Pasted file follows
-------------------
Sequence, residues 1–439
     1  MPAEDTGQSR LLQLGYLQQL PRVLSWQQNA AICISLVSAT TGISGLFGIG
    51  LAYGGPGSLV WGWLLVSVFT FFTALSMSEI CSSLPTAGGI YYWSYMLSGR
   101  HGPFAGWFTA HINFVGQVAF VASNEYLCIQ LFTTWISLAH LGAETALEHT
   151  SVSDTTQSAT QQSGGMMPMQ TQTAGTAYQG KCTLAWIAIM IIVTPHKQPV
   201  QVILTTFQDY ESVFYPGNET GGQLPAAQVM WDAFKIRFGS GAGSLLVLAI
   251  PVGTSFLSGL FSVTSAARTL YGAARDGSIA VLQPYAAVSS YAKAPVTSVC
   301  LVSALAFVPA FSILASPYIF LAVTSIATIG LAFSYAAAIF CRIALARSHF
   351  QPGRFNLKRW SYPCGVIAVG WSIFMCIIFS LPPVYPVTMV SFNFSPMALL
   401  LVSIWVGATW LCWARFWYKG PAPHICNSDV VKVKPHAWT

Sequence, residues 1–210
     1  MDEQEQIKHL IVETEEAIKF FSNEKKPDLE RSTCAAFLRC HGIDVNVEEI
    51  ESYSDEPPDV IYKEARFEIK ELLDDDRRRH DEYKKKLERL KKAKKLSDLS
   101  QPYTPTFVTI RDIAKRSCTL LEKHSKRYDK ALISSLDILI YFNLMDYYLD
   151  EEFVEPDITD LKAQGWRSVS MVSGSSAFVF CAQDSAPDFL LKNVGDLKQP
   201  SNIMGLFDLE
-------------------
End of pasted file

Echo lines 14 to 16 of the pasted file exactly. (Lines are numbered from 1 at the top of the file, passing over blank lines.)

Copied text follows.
   101  QPYTPTFVTI RDIAKRSCTL LEKHSKRYDK ALISSLDILI YFNLMDYYLD
   151  EEFVEPDITD LKAQGWRSVS MVSGSSAFVF CAQDSAPDFL LKNVGDLKQP
   201  SNIMGLFDLE